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The Fate of Freedom ElsewhereHuman Rights and U.S. Cold War Policy toward Argentina$
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William Michael Schmidli

Print publication date: 2013

Print ISBN-13: 9780801451966

Published to Cornell Scholarship Online: August 2016

DOI: 10.7591/cornell/9780801451966.001.0001

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“Total Immersion in All the Horrors of the World”

“Total Immersion in All the Horrors of the World”

The Carter Administration and Human Rights, 1977–1978

Chapter:
(p.83) 4 “Total Immersion in All the Horrors of the World”
Source:
The Fate of Freedom Elsewhere
Author(s):

William Michael Schmidli

Publisher:
Cornell University Press
DOI:10.7591/cornell/9780801451966.003.0005

This chapter evaluates the impact of the Carter administration on human rights. Following Jimmy Carter’s inauguration, the administration set out to institutionalize human rights in the policymaking process, and as a result, the locus of human rights advocacy shifted from Capitol Hill and the nongovernmental sector to the White House and the Department of State Human Rights Office. One of the most widely recognized Carter administration appointees was Patricia Derian, the Department of State coordinator for human rights and humanitarian affairs. Upon realizing the extent of the Argentine military’s human rights violations during her 1977 visit to Argentina, Derian set out to make the country a defining test for the Carter administration’s human rights policy. Utilizing the power and leverage of her office, Derian worked to redefine the U.S. Cold War relationship with Argentina by publicly denouncing dirty war violence and consistently opposing U.S. economic and security assistance.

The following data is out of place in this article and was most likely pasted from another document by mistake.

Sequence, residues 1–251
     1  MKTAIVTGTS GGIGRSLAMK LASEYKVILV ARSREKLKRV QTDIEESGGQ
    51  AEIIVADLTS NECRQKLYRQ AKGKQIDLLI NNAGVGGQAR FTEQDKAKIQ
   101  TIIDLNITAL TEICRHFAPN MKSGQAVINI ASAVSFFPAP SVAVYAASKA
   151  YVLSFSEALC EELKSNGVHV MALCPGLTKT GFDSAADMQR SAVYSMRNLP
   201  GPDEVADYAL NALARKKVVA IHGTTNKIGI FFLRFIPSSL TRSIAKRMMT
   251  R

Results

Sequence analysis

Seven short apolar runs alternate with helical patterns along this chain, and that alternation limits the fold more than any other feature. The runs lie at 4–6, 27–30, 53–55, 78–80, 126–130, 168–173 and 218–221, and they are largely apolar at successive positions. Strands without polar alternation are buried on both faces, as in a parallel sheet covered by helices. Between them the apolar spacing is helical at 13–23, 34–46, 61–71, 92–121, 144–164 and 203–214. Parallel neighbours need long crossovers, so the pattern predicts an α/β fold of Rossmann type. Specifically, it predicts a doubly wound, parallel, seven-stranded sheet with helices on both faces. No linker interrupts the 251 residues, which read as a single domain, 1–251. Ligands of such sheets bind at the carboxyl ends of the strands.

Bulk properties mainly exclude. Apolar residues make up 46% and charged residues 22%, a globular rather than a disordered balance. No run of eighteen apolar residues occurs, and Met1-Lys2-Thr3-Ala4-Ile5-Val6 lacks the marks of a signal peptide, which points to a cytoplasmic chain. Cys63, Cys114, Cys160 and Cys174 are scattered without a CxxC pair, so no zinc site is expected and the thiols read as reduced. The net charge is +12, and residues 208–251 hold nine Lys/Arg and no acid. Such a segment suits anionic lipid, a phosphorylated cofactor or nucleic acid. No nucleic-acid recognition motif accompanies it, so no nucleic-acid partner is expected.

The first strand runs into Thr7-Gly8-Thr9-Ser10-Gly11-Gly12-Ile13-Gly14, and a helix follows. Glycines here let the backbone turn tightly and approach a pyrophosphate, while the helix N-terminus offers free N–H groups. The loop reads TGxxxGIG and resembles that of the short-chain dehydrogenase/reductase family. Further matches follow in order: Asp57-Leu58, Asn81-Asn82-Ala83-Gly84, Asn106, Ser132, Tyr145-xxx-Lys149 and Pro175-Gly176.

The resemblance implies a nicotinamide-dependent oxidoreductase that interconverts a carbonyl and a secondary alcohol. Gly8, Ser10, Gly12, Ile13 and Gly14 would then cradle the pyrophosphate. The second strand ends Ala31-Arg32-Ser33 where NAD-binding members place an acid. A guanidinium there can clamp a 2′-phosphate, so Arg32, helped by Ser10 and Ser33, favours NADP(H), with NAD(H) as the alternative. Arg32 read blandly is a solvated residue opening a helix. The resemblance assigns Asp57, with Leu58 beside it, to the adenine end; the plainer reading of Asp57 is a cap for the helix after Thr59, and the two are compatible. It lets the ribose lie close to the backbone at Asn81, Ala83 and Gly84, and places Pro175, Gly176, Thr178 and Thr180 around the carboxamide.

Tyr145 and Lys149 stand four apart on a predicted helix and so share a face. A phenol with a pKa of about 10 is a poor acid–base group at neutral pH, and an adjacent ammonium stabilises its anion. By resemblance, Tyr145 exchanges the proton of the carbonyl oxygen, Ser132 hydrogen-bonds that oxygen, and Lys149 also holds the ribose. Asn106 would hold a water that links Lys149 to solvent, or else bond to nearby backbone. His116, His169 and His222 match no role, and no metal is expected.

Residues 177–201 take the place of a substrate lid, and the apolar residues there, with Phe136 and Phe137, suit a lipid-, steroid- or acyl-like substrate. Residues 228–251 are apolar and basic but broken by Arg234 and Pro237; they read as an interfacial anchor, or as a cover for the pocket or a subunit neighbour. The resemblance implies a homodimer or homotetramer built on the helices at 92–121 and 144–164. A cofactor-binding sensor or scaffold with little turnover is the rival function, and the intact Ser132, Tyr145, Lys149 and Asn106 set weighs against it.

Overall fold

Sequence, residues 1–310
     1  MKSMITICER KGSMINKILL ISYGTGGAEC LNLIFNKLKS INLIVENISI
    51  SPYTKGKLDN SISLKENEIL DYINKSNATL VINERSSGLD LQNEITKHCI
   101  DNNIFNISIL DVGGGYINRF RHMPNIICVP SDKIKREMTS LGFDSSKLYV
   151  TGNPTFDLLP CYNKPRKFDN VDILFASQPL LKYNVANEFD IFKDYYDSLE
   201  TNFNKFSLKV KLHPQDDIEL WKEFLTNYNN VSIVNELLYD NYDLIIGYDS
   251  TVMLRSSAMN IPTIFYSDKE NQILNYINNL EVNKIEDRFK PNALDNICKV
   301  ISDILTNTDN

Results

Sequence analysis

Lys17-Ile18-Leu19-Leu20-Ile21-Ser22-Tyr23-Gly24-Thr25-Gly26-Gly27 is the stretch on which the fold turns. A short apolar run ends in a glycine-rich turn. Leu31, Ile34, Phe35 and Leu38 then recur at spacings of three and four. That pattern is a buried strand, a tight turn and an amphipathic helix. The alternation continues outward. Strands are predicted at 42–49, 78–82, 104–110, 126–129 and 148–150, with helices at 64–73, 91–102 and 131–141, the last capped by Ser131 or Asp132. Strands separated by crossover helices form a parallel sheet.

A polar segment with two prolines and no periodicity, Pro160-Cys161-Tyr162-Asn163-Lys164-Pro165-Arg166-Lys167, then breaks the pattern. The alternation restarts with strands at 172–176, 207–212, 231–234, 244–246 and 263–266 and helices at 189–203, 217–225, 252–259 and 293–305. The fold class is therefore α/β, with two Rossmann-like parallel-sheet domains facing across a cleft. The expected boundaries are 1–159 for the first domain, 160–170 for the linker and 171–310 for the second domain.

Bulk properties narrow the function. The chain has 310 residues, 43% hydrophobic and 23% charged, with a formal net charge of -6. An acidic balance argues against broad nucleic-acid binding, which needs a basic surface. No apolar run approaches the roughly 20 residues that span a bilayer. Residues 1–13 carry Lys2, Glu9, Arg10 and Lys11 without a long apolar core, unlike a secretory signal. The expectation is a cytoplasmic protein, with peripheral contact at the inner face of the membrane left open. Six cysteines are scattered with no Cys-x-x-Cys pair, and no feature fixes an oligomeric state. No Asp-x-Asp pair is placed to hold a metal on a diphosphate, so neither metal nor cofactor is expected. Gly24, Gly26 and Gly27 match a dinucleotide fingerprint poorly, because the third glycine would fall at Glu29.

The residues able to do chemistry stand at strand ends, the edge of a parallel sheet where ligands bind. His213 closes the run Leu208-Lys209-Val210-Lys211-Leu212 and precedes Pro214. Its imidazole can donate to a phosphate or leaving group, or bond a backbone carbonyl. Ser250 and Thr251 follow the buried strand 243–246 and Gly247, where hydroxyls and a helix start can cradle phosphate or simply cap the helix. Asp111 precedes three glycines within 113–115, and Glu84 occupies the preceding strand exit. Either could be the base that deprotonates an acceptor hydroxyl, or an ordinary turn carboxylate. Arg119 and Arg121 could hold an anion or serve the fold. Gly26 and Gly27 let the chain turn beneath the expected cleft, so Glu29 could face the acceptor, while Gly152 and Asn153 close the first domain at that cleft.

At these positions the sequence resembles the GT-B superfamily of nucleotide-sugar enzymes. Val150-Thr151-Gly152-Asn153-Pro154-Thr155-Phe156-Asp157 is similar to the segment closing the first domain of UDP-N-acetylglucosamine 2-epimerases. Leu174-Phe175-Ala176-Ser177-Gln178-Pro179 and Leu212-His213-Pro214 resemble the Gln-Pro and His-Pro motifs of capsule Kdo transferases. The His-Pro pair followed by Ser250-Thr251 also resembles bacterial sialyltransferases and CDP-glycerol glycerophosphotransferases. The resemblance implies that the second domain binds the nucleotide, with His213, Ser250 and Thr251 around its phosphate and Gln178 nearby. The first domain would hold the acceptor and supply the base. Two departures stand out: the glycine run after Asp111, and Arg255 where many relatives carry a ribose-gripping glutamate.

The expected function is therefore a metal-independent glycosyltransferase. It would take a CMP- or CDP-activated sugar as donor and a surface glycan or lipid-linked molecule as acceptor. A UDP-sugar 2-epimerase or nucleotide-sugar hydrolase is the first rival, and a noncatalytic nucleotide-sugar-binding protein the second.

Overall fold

Keywords:   Carter administration, human rights, Patricia Derian, human rights violations, human rights policy, U.S.–Argentine relations, dirty war

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